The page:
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December 4, 1990

DRILLING DOWN

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Many people enthusiastically romance the idea of running a marathon. They start training, but very few make it through the training periods. Another group will make it to the race—but then won’t finish. And a select few will tough it out and cross the finish line—no matter how long it takes them. And if you ask these finishers, they’ll tell you it took too long, but they’re still full of the sense of self-satisfaction and personal challenge that comes with pushing yourself to succeed. It’s that sense of self-achievement that often pushes these people to finish in the first place.

Dick Hoyt, however, was driven by a different fuel tank. The golden spirit of giving—to his own son, nonetheless—pushed him to complete not one, but more than 20 marathons. I know sons can inspire fathers to do great things, but 20 marathons!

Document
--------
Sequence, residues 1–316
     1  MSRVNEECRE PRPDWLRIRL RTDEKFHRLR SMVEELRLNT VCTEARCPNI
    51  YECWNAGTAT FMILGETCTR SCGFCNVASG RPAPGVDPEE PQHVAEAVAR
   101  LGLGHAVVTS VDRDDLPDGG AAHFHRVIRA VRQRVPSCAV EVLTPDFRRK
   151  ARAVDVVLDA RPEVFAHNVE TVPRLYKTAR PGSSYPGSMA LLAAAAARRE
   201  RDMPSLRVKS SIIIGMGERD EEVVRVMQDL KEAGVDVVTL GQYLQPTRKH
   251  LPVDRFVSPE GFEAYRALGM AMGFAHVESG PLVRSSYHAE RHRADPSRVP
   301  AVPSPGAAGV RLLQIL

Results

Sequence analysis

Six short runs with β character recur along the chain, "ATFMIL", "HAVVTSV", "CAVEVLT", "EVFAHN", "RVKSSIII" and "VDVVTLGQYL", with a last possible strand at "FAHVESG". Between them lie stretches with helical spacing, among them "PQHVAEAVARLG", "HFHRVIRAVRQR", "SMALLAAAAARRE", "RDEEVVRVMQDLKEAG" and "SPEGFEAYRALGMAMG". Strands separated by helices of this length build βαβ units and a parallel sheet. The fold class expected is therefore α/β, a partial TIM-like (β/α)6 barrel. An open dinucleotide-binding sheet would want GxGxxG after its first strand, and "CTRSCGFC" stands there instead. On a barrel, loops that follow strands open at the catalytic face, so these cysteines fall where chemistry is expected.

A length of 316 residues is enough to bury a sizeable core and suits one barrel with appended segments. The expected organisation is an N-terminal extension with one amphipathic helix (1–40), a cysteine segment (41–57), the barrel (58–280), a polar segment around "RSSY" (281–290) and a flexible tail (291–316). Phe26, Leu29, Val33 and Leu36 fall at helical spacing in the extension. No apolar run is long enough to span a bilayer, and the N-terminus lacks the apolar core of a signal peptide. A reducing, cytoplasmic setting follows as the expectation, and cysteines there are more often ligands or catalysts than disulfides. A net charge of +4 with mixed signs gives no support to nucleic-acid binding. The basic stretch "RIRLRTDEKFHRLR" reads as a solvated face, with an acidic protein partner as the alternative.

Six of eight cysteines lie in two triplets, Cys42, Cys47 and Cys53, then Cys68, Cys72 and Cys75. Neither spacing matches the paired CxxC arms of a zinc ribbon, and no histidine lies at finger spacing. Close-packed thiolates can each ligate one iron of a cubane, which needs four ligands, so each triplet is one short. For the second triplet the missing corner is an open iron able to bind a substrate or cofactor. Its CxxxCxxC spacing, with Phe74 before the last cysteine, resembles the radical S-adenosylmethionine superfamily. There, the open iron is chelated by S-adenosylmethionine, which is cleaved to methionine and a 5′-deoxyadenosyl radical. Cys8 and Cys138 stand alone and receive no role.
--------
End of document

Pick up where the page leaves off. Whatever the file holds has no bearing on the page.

Dick Hoyt had the perfect motivation. His son, Rick, has had cerebral palsy since birth—but he never let that stop him from getting involved. When Rick was 15 he asked his father if he could participate in a five-kilometer race to benefit an athlete paralyzed in an accident. Dick jerry-rigged a chair to use to push his son in to complete the race. The smile, the gratitude, and the feeling of accomplishment that Rick felt convinced his father to continue on their journey—which they’ve been doing since 1981.

And about the tendency for marathon runners to think they didn’t run fast enough, take note: Dick and Rick Hoyt took 16 hours and 14 minutes to finish a race in 1999—and that was an improvement of two hours since their first marathon.

Since that first race, they’ve participated in every Boston Marathon, an Ironman Triathlon World Championship competition, and various other races throughout the year. Dick doesn’t run the races for the awards, the fame, or the prestige. He does it to give something to his son. The finish line lay before him, but the energy to get from start to finish was built on the desire for good, the right, and the true. Dick has the deep hunger to practice the Power of One.

Giving frees us from the familiar territory of our own needs by opening our mind to the unexplained worlds occupied by the needs of others.—Anne Frank

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